Authors Best, Best Books, Bibliography By First Name, Bibliography By Last Name, First Name: S-T, Last Name: G-H, Literature

Ranking Author Sheila Heti’s Best Books (A Bibliography Countdown)

Sheila Heti Bibliography Ranking

“What are Sheila Heti’s Best Books?” We looked at all of Heti’s authored bibliography and ranked them against one another to answer that very question!

We took all of the books written by Sheila Heti and looked at their Goodreads, Amazon, and LibraryThing scores, ranking them against one another to see which books came out on top. The books are ranked in our list below based on which titles have the highest overall score between all 3 review sites in comparison with all of the other books by the same author. The process isn’t super scientific and in reality, most books aren’t “better” than other books as much as they are just different. That being said, we do enjoy seeing where our favorites landed, and if you aren’t familiar with the author at all, the rankings can help you see what books might be best to start with.

The full ranking chart is also included below the countdown on the bottom of the page.

Happy Scrolling!



The Top Book’s Of Sheila Heti



8 ) How Should a Person Be?: A Novel from Life

 How Should a Person Be?: A Novel from Life Review Website Ranks:

  • Goodreads: 7
  • Amazon: 8
  • LibraryThing: 6

From the internationally acclaimed author of The Middle Stories and Ticknor comes a bold interrogation into the possibility of a beautiful life. How Should a Person Be? is a novel of many identities: an autobiography of the mind, a postmodern self-help book, and a fictionalized portrait of the artist as a young woman — of two such artists, in fact. For reasons multiple and mysterious, Sheila finds herself in a quandary of self-doubt, questioning how a person should be in the world. Inspired by her friend Margaux, a painter, and her seemingly untortured ability to live and create, Sheila casts Margaux as material, embarking on a series of recordings in which nothing is too personal, too ugly, or too banal to be turned into art. Along the way, Sheila confronts a cast of painters who are equally blocked in an age in which the blow job is the ultimate art form. She begins questioning her desire to be Important, her quest to be both a leader and a pupil, and her unwillingness to sacrifice herself. Searching, uncompromising and yet mordantly funny, How Should a Person Be? is a brilliant portrait of art-making and friendship from the psychic underground of Canada’s most fiercely original writer.

Purchase / Learn More



6 ) The Middle Stories

 The Middle Stories Review Website Ranks:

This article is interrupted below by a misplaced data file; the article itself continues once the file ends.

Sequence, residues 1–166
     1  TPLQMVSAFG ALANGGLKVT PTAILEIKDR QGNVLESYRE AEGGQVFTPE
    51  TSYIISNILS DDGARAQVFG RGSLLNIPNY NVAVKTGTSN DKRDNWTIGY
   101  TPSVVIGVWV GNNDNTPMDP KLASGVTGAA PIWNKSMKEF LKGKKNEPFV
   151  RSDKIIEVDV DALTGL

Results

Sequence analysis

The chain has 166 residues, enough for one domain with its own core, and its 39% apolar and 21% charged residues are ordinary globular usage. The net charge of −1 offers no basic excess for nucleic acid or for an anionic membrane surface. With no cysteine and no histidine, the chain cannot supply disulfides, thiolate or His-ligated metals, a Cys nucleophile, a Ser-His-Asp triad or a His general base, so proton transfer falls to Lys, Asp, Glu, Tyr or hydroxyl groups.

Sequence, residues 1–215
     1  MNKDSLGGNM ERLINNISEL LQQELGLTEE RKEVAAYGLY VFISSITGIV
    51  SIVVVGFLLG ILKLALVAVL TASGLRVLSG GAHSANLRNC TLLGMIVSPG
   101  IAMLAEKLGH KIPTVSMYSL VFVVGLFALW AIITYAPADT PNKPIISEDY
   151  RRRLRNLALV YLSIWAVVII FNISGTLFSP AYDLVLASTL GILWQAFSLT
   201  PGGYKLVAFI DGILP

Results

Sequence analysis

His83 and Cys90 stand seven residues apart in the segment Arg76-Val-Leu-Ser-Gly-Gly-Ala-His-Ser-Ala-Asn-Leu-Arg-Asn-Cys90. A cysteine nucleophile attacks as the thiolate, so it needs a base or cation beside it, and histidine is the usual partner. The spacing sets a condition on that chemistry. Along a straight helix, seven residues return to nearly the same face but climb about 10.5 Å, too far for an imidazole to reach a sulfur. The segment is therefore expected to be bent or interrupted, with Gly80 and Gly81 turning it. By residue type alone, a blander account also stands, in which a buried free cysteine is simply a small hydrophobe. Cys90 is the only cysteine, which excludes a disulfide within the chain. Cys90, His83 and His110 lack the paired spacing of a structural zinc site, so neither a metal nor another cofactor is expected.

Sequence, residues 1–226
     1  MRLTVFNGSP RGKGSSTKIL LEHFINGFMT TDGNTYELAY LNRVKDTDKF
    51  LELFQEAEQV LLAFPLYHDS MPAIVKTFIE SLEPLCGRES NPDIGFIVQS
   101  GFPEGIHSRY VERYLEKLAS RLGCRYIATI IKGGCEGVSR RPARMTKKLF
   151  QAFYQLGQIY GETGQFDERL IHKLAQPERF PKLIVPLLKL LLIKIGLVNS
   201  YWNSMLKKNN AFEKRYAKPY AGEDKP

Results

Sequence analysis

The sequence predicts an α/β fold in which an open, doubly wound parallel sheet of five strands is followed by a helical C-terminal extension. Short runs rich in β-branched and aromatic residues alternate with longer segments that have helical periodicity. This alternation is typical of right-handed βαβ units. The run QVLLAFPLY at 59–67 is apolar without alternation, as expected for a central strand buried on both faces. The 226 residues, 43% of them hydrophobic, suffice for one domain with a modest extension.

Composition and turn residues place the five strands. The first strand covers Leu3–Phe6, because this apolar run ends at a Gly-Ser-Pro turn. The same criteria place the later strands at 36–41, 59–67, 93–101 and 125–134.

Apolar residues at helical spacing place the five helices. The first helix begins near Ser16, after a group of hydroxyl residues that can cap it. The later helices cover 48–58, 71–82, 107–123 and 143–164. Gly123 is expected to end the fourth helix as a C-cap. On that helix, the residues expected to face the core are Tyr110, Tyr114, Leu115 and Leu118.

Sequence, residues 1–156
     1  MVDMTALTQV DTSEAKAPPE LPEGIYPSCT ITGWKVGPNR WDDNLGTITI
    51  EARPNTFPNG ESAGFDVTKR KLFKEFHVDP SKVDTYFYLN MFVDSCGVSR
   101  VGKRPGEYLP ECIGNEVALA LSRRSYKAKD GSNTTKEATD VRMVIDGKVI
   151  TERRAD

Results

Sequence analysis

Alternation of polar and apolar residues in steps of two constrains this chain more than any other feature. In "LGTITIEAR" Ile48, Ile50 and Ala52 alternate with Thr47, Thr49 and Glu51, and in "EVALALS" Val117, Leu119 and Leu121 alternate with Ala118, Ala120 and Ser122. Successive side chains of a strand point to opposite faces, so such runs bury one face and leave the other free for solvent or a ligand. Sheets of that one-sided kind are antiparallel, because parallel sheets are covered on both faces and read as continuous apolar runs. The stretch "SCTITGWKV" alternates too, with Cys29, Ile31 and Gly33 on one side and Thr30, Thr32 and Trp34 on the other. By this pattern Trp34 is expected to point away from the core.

• Goodreads: 5
  • Amazon: 7
  • LibraryThing: 4

Wildly acclaimed in Canada, this book, published there by Anansi, marks the debut of a remarkable young writer, first published by McSweeney’s when she was twenty-three and living at home with her dad and brother. The Middle Stories is a strikingly original collection of stories, fables, and short brutalities that are alternately heartwarming, cruel, and hilarious.

Purchase / Learn More



6 ) The Chairs Are Where the People Go – authored with Misha Glouberman

 The Chairs Are Where the People Go – authored with Misha Glouberman Review Website Ranks:

  • Goodreads: 4
  • Amazon: 4
  • LibraryThing: 8

Should neighborhoods change? Is wearing a suit a good way to quit smoking? Why do people think that if you do one thing, you’re against something else? Is monogamy a trick? Why isn’t making the city more fun for you and your friends a super-noble political goal? Why does a computer last only three years? How often should you see your parents? How should we behave at parties? Is marriage getting easier? What can spam tell us about the world?

Purchase / Learn More



5 ) Ticknor: A Novel

 Ticknor: A Novel Review Website Ranks:

  • Goodreads: 8
  • Amazon: 2
  • LibraryThing: 5

On a cold, rainy night, an aging bachelor named George Ticknor prepares to visit his childhood friend Prescott, a successful man who is now one of the leading intellectual lights of their generation. With a hastily baked pie in his hands, and a lifetime of guilt and insecurity weighing upon his soul, he sets out for the Prescotts’ dinner party–a party at which he’d just as soon never arrive. Distantly inspired by the real-life friendship between the great historian William Hickling Prescott and his biographer, Ticknor is a witty, fantastical study of resentment; and a biting history of a one-sided friendship.

Purchase / Learn More



4 ) All Our Happy Days Are Stupid

 All Our Happy Days Are Stupid Review Website Ranks:

  • Goodreads: 6
  • Amazon: 1
  • LibraryThing: 7